More than 50 years ago, the Interstate 81 Viaduct ripped through a working-class Black neighborhood in Syracuse. It displaced long-time residents and ensured that poverty, pollution, and a lack of resources would hurt the community that lived in the highway's shadow that still persists today.
The New York State Department of Transportation released its Draft Environmental Impact Statement on July 16, 2021, detailing their current plan for how to replace the crumbling viaduct with a street-level grid. The public now has a chance to weigh in and advocate for environmental, racial, and economic justice to ensure the fair and equitable treatment of community members who live in the shadow of the viaduct.
With only days to submit a comment from the release of the draft, we must act now. Submit a comment below to influence the DOT’s final replacement plan.
The replacement of the viaduct must be the result of community input, with a particular focus on the concerns of the people who will be most impacted by the massive, years-long construction project.
The History (1950s)
To its residents, the 15th ward in Syracuse was a close-knit community of families and black-owned businesses. In 1950, it was home to nearly 90 percent of Syracuse’s black population, and a frequent stop for black travelers who needed a safe haven from “white’s only” establishments.
To city leadership, the 15th ward was seen as a failing neighborhood and its different areas were labeled “slums.”
So when Syracuse put in a bid for federal money for an interstate in 1958, despite some disagreement from local elected officials, the city administration eventually agreed with Federal and State officials to run the elevated part of the highway through the center of the city.
Despite protest from residents, some district counselors, and some county legislatures, the entire 15th ward was razed, and with it the homes and businesses of most of Syracuse’s black community. More than 1,300 families were displaced to make way for the construction of Interstate 81.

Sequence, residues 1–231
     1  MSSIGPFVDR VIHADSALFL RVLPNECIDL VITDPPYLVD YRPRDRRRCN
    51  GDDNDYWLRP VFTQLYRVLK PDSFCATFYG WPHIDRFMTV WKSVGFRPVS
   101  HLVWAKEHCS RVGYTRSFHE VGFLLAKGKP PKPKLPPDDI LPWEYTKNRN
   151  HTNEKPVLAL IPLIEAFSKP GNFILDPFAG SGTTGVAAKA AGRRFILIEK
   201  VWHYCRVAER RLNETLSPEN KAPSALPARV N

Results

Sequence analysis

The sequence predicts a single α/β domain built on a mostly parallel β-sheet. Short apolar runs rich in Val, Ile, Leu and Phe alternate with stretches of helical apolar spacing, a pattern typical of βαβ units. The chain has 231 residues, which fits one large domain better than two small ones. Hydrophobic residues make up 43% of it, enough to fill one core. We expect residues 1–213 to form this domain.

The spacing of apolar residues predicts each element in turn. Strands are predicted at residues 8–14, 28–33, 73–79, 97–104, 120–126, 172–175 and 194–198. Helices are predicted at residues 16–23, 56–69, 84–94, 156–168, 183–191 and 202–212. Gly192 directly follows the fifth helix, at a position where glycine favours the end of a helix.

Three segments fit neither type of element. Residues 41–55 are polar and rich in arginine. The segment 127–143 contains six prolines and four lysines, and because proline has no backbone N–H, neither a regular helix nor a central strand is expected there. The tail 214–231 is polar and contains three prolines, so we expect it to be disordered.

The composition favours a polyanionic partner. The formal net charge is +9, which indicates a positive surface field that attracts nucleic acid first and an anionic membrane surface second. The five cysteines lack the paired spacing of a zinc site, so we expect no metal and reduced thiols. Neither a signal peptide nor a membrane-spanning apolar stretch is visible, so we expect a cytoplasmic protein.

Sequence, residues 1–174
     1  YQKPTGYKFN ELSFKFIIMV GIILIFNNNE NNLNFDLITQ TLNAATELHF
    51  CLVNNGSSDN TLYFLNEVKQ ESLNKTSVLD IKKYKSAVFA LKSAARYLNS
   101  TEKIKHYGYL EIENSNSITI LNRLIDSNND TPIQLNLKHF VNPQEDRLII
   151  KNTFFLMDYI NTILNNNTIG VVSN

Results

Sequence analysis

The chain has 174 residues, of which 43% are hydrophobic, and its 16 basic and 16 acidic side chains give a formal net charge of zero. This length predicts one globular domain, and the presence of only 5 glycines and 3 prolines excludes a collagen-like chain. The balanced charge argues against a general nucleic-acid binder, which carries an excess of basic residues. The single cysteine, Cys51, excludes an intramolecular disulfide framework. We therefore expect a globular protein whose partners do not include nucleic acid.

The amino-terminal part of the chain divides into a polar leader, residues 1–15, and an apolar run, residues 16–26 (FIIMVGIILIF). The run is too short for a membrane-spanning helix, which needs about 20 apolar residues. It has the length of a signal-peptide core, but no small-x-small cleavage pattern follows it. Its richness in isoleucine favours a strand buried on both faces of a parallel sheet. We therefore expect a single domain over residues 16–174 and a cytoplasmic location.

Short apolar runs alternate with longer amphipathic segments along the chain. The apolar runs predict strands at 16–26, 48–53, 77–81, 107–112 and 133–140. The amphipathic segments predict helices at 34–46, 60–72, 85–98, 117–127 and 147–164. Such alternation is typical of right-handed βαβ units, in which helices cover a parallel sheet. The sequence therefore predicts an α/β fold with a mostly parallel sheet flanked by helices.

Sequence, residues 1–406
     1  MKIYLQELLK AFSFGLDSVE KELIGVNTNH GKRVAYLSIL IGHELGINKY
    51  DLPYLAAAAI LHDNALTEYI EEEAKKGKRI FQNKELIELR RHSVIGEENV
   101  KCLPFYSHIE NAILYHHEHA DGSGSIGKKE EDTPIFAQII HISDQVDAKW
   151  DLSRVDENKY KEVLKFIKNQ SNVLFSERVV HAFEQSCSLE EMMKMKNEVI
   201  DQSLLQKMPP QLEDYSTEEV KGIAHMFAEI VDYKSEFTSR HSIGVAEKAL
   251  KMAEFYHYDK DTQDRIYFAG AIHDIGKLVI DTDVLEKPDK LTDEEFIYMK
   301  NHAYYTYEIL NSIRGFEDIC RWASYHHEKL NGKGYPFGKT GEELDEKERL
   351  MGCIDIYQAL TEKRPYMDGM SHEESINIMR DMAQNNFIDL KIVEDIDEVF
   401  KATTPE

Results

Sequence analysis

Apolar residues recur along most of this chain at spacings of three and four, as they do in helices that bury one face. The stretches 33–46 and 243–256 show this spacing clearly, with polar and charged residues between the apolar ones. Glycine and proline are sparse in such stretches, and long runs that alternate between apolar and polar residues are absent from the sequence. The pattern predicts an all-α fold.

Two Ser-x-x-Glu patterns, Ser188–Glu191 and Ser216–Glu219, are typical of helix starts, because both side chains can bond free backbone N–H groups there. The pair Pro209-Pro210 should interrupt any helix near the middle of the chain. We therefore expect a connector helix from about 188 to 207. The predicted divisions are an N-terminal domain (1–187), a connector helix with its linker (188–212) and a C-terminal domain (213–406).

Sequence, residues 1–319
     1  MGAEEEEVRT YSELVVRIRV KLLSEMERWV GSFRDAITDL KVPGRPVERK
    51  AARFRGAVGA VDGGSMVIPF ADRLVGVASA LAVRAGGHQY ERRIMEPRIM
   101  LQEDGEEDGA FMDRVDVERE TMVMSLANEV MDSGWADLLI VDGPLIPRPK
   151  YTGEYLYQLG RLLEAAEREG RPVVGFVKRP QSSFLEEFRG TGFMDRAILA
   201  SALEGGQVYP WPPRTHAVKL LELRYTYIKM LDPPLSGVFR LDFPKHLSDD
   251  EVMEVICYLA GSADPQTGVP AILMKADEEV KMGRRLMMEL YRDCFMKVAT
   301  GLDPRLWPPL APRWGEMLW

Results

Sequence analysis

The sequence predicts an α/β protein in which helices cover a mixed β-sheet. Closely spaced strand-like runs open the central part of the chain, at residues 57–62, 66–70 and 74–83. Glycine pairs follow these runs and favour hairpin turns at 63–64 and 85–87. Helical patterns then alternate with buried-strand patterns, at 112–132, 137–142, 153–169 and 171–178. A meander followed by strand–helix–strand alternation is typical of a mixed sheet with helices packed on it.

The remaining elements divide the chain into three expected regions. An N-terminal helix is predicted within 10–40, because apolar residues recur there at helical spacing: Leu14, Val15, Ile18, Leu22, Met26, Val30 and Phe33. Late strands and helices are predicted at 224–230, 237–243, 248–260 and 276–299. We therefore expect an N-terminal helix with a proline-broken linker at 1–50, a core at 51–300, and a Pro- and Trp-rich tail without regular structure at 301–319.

The Impact (1960s to today)
Instead of bringing more opportunity to Syracuse’s downtown, the highway carried traffic—and tax dollars—out to the white suburbs. And when the 15th ward’s uprooted residents looked for new places to live, blatant housing discrimination again limited them to specific houses and streets. Many of them ended up moving just south of the viaduct and forming a new black neighborhood, one with even fewer resources than the original.
The problems didn’t end there. The black residents nearest to I-81 suffered the brunt of traffic-related air pollution, which is linked to increased rates of asthma and impaired lung function, especially for people living within 500 meters of a highway. And because the viaduct physically divided the city in two, it further entrenched segregation and concentrations of poverty. Today, Syracuse ranks among the top ten most segregated metro areas in the country.
Now the viaduct has reached the end of its useful life and must be replaced. The New York State Department of Transportation (NYSDOT) has released its draft plan for how to replace the crumbling viaduct with a street-level grid. Removing the I-81 Viaduct is a step in the right direction - but there is more work to be done to right a historic wrong and build a better, more equitable future in Syracuse. The public now has a chance to weigh in and influence the DOT’s final replacement plan.
Under the right conditions, the community grid could be the catalyst for knitting back together what the highway destroyed. But details matter and certain aspects of the NYSDOT’s current proposal could lead to gentrification and displacement of the residents who live near the viaduct.
It doesn’t have to be this way. By taking a hard look at the harms done to people in the past, there is a real chance for the I-81 project to improve housing conditions, health outcomes, and economic and educational opportunity for all people in Syracuse.